3.3.2 Foreground, Middleground, Background

For this exercise, I promised myself to remember this  picture by Gerhard Richter, Cow 13, from 1965 from my visit to the Stuttgart Staatsgalerie. I just think it is funny how the cow dominates the foreground.img_9742

This week I am working in a small apartment in the old town of Lisbon, and between writing emails, while I was pondering where I would find a cow, a sheep, or at least a dog for my foreground, this pigeon came and sat just outside my window, peeking in at me.

So there it was- my foreground- middleground- background idea just outside the window !

I started with two small drawings in my sketchbook to determine my viewpoint- more balcony and pigeon or more city?

I decided on a higher viewpoint so the balcony wouldn’t obstruct as much of the view.

Here is the A3 drawing with various graphite pencils and Conte sticks:


The pigeon became a little too illustrative again, but I think the clear detailed pigeon in the foreground, the tree and first houses in the middle ground and the fading city view in the background with less and less detail create a good sense of depth to the drawing as a whole.

Here I draw the same image in a quick pen sketch on a Lisbon city map that I covered with a thin layer of white acrylic:


I am not as happy with the drawing here, but I really liked drawing on a map and will look out for some more maps.




3.3.1 Composition

For Part 3.3.1 Composition we are asked to see what elements from the previous exercises we would like to include in a larger drawing.

I have three possible compositions or ideas in mind resulting from the three countries I was drawing in during this month.

  1. Corktrees in the soft rural landscape – PORTUGAL

The focal point here would be one shape- the corktree, throning alone in the soft rolling  hills. The tree dark, the hills in morning light. Natural landscape.

Contrast between the vertical “heavy” corktree and the horizontal flowing hills.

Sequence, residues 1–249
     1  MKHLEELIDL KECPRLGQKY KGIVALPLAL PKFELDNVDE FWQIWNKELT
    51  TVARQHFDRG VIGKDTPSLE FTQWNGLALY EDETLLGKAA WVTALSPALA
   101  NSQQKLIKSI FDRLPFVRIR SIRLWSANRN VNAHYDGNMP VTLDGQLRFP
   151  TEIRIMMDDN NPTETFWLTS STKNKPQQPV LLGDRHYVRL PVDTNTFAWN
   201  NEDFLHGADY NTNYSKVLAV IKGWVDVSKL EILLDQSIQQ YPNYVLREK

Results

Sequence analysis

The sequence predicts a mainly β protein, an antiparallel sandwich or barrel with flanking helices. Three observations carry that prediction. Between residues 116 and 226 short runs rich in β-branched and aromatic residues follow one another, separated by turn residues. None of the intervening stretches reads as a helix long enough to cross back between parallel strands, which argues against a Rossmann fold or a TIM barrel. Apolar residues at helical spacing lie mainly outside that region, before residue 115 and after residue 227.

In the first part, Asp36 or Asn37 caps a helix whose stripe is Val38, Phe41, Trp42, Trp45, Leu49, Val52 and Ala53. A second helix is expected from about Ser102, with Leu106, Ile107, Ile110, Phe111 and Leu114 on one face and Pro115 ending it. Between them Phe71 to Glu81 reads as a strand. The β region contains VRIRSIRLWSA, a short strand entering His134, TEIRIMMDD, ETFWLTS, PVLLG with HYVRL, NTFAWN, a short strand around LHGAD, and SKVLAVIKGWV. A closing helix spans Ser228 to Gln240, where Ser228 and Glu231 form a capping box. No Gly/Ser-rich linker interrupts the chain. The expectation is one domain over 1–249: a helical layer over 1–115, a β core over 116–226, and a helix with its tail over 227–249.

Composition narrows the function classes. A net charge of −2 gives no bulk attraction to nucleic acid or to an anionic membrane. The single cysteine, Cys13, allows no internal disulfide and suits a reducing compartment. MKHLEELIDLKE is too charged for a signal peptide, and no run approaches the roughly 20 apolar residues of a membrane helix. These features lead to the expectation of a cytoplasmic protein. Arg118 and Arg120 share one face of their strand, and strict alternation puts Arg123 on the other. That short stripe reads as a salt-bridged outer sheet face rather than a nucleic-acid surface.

I have already explored the corktree in various sketches, but never including as much of the surrounding landscape.


2. High pines in a row – ITALY

The strict lines of planted high pines in neat rows- geometry, organization, contrast between the linear, geometrical sharp and the rolling landscape. Human hand in natural landscape.

So far drawing this subject I have always focused on the linear aspect, usually drawing with  pen only. It would be interesting to explore it including color and surface.



3. Red lights on park trees in a townfestival – GERMANY

Here the main focus would be COLOR! During my recent visit to Germany, during the town festival, the city trees were artificially lit by bright red lamps. It looked very impressive and weird.

They reminded me of Gisela Kohns sometimes surprising colors of trees, although hers are autumn leaves and natural shadows.

This would be an opportunity of exploring the contrast of bright trees and dark night- between the tree and the human artificial intervention, between nature and city.


I just returned to Portugal and am listening to Fado- Portuguese music while writing this, so although I would be curious to explore all three compositions at some point, it is the Portuguese corktree that I will have a chance to draw first. I learned my lesson last chapter that doing too much for the exercises simply leaves too little time to work on the assignment….How I wish for a couple of more hours to the days…

So I will focus on that one lonely vertical shape in the soft horizontal landscape.

Some first thumbnails in colored pencil just shifting the standpoint:

I choose to continue with the last composition.